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The US Must Respect Brazil: Ambassador Rubens Barbosa Q&A
Latin CEO / March 2000

By Larry Luxner

São Paulo-born diplomat Rubens Antonio Barbosa, 61, was appointed last August as Brazil's ambassador to the United States. Previously, he spent five and a half years as ambassador to the United Kingdom. He recently spoke with Latin CEO at the Brazilian Embassy in Washington.

Q: What is your biggest challenge as Brazil's ambassador to the US?

A: "With globalization and instant communication, the role of an ambassador has changed over time. To be an ambassador in the U.S. from any country is a big challenge. For me, the challenge in being posted to Washington is to try to differentiate Brazil from the other 180 countries represented here. The importance of Brazil is not appreciated in the United States. We are underestimated here. I'm not worried about public opinion or the man in the street, because the stereotypes of Brazil are generally favorable, and most people generally have little interest in foreign policy. What matters is what a CEO or the media or Congress thinks about Brazil."

Q: What are your priorities?

A: "The first of my six priorities as ambassador is foreign trade; the second is information. That means raising our profile, showing that Brazil is far more important than countries like Russia or China from a trade point of view. My other priorities are Congress, NGOs, think tanks and financial institutions like the World Bank, the Inter-American Development Bank and the International Monetary Fund."

Q: In retrospect, how did the January 1999 devaluation affect the Brazilian economy?

A: "Our currency was way overvalued. When we devalued the real by over 30%, everybody was worried. They were anticipating 4-6% negative growth. But by the end of the year, our GDP had grown 0.5%, inflation was only 8.5%, and the country is booming. The main objective of our government is to keep stability, and not let inflation come back. We hope to have 4% growth this year, and the same or more in coming years. The fundamentals are there. The problem is the world economic system."

Q: How would you characterize U.S.-Brazilian trade relations?

A: "Brazil is the largest recipient of U.S. investment in the developing world -- more than either China, India, Russia or Mexico. In 1999, bilateral trade came to $26 billion, with a deficit on the Brazilian side. Yet over 80 of our products are restricted. For example, the Commerce Department just released a very harsh decision practically banning Brazilian cold-rolled steel. This is unfair. We've explained to them 200 times to them that we represent only 0.5% of the steel market, and still we're taxed ridiculously."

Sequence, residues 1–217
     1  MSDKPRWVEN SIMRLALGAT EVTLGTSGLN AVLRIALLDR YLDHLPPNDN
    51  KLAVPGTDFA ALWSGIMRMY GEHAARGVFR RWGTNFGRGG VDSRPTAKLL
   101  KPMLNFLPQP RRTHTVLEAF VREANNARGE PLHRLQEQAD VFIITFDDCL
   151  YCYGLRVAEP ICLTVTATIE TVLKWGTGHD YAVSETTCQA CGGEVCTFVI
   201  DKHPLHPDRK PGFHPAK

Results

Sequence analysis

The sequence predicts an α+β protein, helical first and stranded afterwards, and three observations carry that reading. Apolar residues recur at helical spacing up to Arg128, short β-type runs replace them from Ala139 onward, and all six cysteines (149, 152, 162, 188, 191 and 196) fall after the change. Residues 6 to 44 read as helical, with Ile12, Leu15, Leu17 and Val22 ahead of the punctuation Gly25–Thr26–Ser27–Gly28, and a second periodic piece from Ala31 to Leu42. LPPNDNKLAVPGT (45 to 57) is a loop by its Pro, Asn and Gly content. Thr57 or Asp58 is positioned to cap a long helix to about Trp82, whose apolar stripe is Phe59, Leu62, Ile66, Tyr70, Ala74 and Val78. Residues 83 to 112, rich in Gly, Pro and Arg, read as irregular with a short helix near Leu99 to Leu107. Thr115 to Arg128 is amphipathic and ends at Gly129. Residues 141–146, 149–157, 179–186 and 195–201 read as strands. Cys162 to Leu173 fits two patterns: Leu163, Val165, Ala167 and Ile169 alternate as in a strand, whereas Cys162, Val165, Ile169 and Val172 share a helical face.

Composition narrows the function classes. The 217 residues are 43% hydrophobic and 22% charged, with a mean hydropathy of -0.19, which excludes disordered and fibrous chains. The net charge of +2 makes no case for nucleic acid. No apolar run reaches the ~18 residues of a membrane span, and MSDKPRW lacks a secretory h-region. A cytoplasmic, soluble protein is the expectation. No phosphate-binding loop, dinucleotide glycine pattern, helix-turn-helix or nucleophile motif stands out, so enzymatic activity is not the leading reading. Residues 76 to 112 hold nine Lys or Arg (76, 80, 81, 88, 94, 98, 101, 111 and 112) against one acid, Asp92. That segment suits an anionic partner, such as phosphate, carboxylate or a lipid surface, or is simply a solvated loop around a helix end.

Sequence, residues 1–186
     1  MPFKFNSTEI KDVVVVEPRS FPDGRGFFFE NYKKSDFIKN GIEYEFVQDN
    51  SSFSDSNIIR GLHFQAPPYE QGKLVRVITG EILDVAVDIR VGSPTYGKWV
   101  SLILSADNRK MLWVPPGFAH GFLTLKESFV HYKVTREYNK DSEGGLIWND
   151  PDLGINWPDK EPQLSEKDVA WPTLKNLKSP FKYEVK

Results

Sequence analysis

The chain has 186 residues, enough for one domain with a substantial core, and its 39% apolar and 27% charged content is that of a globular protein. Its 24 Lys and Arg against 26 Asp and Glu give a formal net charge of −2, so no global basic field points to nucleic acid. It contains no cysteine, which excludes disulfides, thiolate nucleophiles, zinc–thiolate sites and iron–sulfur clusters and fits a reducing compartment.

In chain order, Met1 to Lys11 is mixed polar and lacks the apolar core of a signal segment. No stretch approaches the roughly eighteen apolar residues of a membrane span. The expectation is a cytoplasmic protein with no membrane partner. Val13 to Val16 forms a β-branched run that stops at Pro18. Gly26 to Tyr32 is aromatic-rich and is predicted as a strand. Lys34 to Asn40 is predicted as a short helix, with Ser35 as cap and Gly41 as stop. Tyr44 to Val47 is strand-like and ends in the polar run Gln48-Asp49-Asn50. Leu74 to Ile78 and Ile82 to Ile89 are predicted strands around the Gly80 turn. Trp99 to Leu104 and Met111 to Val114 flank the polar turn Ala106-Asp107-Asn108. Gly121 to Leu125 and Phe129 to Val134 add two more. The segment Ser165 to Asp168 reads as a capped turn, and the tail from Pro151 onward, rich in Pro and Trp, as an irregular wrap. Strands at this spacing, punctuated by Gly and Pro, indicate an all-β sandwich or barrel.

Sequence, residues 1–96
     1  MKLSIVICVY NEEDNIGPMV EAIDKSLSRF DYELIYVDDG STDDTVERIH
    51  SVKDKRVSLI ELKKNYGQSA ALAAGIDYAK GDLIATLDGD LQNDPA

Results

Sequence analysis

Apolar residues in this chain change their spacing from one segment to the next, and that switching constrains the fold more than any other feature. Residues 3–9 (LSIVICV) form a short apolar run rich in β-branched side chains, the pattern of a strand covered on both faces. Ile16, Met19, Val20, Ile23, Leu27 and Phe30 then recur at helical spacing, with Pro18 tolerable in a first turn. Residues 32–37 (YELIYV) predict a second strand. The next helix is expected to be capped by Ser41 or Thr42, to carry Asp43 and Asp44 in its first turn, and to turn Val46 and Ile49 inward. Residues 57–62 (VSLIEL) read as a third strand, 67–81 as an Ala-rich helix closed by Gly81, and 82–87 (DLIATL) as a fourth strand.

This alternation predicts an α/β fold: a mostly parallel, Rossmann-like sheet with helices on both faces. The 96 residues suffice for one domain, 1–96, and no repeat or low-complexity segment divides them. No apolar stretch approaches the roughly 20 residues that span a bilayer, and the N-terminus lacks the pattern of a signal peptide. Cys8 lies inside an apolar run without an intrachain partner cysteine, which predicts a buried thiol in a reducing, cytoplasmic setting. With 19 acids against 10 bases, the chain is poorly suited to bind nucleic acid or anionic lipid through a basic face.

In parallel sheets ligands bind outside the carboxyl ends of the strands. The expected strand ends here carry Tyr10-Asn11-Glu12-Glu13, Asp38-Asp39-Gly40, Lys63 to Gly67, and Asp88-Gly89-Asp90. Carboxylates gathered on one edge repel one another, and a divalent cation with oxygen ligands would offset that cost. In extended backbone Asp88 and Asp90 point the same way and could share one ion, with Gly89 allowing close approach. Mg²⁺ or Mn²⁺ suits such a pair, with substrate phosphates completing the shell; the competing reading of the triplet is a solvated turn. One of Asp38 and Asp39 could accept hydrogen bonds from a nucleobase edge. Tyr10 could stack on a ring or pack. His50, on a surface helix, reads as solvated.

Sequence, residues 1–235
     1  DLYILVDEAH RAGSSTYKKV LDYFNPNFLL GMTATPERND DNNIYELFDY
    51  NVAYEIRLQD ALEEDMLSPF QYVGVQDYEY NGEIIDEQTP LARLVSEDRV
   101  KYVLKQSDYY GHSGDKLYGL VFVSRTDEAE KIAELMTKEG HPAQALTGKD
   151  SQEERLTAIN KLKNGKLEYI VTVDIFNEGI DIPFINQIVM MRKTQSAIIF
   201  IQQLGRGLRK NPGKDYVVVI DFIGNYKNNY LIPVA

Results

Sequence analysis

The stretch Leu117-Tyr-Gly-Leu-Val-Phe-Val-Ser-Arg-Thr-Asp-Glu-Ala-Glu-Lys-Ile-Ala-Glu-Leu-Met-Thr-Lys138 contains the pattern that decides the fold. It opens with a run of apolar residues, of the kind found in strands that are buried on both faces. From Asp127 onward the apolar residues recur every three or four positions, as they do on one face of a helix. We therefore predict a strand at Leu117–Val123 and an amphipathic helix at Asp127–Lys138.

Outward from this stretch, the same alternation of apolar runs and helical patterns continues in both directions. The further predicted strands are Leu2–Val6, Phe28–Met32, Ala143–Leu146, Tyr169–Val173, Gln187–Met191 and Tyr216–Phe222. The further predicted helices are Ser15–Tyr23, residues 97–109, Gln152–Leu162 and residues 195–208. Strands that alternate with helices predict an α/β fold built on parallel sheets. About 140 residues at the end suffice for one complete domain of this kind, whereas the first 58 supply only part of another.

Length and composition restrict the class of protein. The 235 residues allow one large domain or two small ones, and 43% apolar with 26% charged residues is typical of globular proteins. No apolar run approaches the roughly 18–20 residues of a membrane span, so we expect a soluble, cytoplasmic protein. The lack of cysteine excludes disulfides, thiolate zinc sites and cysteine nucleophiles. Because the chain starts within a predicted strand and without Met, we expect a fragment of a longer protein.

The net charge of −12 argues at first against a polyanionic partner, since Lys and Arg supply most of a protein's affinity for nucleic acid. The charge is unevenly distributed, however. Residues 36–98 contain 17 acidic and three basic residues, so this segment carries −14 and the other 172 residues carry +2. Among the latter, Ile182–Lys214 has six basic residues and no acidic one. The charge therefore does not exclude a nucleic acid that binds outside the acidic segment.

"Developed countries want us to open up, but in Brazil's case there's no other country penalized like this. Nobody will dispute that the United States is one of the most open countries in terms of trade. But it's a coincidence that Brazil exports to the U.S. products -- such as soybeans, ethanol, sugar, orange juice and steel -- that are competitive with U.S. industry. So local companies increase pressure on the government to restrict Brazilian access to the U.S. market."

Q: Isn't Argentina also moving to protect its markets from cheaper Brazilian exports?

A: "Yes. We think this is unfair as well. Argentina has a fixed exchange-rate policy, and this generates difficulties between our two countries. Because of the recession, Argentine-Brazilian trade dropped 25% last year. Mercosur is still a priority among its members, from time to time, we have problems. This year, our economy will grow by 4% and we'll once again start buying Argentine products."

Q: Do you think a common currency for Mercosur -- whether it's the dollar or something else -- could become reality anytime soon?

A: "The objective is that by 2006, we'll have a fully implemented customs union. But to reach the stage where you can have a common currency takes time. In Europe, it took 40 years. Even so, Denmark, the U.K. and Sweden are not part of that monetary system."

Q: Is there any resentment on Brazil's part that the United States wants to take the lead in negotiations towards a Free Trade Area of the Americas?

A: "Brazil has a concrete interest in FTAA negotiations, which do not necessarily coincide with U.S. interests. Sometimes you're working in the same direction, but don't necessarily share the same position. We are interested in liberalizing trade throughout the Americas, but we want all countries to liberalize, not only us."

Q: Will President Cardoso be able to push through the social, tax and fiscal reforms he says Brazil needs to improve its economy?

A: "Even though Cardoso's own party has only 25% representation in Congress, his popularity is going back up. It dropped a lot after the harsh measures he had to take after the Russian crisis. Now the population perceives that things are improving. When we inaugurated the Real Plan in 1994, the mere fact that we reduced inflation meant the inclusion of over 10 million people into the market economy. Why? Because the purchasing power of the people doubled. We are now inflation-free. It's a new experience in my lifetime. Only now in the last few years are we learning to live without inflation."

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